It appeared to be one of the turning points of downtown development when the Downtown Ford announced it was closing and was demolished. The land owners, Fred Hall and Bob Howard announced potentially ambitious plans to redevelop the large site into a huge mixed-use development. The Jones-Hall family has been involved in other deals, and was involved in the OCU deal that fell through, and Howard has been engaged in redevelopment of of Mid-town lately, so there is no doubt that the development wherewithal and resources were in place. The site could have possibly been the largest mixed-use downtown development to date. "It's no surprise, and it fits our long-term plans to develop that site into commercial retail and housing," remarked Hall, at the time. It was lauded as a success of MAPS spin-off. Why did the deal fell through? Because it got gobbled up by a MAPS subcommittee that insisted the convention center needed to go on THE most promising piece of real estate in all of OKC.
I'll make this my last one, and I think it's a big one. No matter how you slice it, The Triangle masterplan died. At a time when the possibilities for bubble-style downtown development appeared endless, the plan seemed fail-safe. A group of investors including Bert Belanger, Ron Bradshaw, among others, would team up to do a ton of development in a small area. However each one encountered difficulties selling units of their first project and then 2008 hit, and it became apparent that downtown development could not go forward purely driven by speculation on condo units. The group broke up, although they are still individually engaged in development in the "triangle" area, although hardly according to the original plan. And some new investors have popped up and added projects such as LEVEL and Aloft.
So, here you see a multitude of reasons. In every one of these cases, it is a shame that the development died, although this is not always the case--sometimes developments are bad and projects dying would be good. However, there HAS to be a way to meet over these kinds of things and compromise. Bad developments need input for improvement before they actually apply for the permit. Good developments need input to ensure their success. This goes both ways, the process shouldn't JUST be about putting pressure on bad projects. Furthermore, a lot of these reasons are preventable. Switching to a more sustainable economic model for real estate would have prevented a lot of the post-2008 development lethargy we were seeing until recently--the economy never stops, sometimes it contracts, and even that presents an opportunity (for more modest real estate deals). For instance, people still need housing when they can't afford a mortgage, which is why for-rent housing has thrived in the post-2008 economic climate. Capitalizing on that could have prevented a lot of these projects from collapsing. Also, a LOT of stuff is in limbo when we have these big-ticket items in limbo. Do you think somebody wants to build a mixed-use or housing investment when they aren't yet 100% certain where the streetcar route will go? Do you think somebody wants to invest in a huge hotel project without knowing where the new convention center and likewise, streetcar lines, will go? Of course not!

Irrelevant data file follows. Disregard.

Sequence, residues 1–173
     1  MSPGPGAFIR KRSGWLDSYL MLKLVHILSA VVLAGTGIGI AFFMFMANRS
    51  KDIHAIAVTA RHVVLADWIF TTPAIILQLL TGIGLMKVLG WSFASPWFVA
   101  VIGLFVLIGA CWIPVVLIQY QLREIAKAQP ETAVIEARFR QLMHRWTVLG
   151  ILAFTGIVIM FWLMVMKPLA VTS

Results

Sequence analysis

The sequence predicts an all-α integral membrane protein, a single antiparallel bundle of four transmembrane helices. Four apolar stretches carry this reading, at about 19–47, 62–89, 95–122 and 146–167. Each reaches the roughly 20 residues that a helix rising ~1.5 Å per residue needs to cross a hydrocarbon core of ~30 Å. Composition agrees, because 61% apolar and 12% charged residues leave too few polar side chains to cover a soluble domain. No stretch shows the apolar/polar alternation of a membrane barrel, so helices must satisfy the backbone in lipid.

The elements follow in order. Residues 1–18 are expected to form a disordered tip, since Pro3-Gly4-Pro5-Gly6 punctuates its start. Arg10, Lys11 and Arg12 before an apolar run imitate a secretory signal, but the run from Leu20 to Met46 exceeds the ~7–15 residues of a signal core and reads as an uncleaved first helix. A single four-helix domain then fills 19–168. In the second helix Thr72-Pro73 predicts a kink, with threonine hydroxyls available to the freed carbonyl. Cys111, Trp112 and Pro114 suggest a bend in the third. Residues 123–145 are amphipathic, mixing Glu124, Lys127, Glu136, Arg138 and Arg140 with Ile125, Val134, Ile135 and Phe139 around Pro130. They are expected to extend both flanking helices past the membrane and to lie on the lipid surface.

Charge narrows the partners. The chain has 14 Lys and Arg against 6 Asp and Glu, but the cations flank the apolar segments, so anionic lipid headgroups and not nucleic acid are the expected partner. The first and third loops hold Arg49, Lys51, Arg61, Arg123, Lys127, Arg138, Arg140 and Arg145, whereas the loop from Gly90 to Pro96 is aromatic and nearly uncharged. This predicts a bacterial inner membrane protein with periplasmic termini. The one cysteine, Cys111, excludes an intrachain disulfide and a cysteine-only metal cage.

One thing that has been an absolute failure thus far is MAPS accounting for the spin-off development. It was one of the most persuasive reasons why we passed MAPS3. We wanted to buy into a vision for building a city, not just for building a single park or an isolated convention center. These things aren't being coordinated AT ALL. There is no single planning document that has more than one big-ticket public investment component in it. There are however millions of planning documents, district masterplans, streetcar route ideas, convention center proposals, and so on and so forth. Nobody is proposing that this stuff come together. Furthermore, a lot of the interests behind certain projects need to step down and realize that their project isn't the center of the universe. The end goal is spin-off development, not having a city built around a convention center. When you eat your most promising site for mixed-use development to put the convention center on it, you miss the mark. You can have your cake and eat it too. The convention center subcommittee needs to address the goals of downtown as a whole just as every other subcommittee needs to be concerned about it. Ignoring the big picture is setting us up for failure at a time that immense resources have opened up such an enormous opportunity.
Every MAPS3 subcommittee needs to be tasked with the exact goal, and it needs to be an overarching goal of what we as a city hope to create with this opportunity. Each subcommittee needs to be opening its meetings discussing this goal, whether it be attracting investment, or improving quality of life. There needs to be a singular vision shared by all. Right now what we have is a convention center subcommittee that has run amock with the process, stepping on other projects to make sure that at the very least the convention center gets done, and running completely contrary to the goal of MAPS.
These guys need to sit down and analyze universal MAPS goals. They need to ponder what they as a convention center subcommittee can do to improve quality of life and attract mixed-use development to downtown. I'll tell you one thing: You can do a LOT more to accomplish this than by eating the best real estate in the entire city for your convention center, which is going to happen anyway. That makes no sense whatsoever.